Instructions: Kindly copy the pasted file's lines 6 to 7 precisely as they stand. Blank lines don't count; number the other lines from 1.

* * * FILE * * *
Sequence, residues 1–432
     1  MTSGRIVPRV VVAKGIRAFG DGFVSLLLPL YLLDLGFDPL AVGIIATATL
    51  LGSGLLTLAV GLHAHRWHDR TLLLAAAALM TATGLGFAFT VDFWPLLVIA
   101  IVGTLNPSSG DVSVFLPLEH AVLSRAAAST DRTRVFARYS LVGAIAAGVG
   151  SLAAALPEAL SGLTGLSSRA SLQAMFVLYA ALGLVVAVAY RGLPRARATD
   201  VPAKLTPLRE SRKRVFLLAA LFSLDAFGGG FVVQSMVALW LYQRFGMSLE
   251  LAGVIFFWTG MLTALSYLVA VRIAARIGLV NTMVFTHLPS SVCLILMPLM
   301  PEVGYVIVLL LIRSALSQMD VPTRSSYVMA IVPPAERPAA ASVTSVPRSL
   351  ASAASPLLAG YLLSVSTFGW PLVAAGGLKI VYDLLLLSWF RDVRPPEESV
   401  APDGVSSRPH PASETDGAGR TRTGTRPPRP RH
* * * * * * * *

   201  VPAKLTPLRE SRKRVFLLAA LFSLDAFGGG FVVQSMVALW LYQRFGMSLE
   251  LAGVIFFWTG MLTALSYLVA VRIAARIGLV NTMVFTHLPS SVCLILMPLM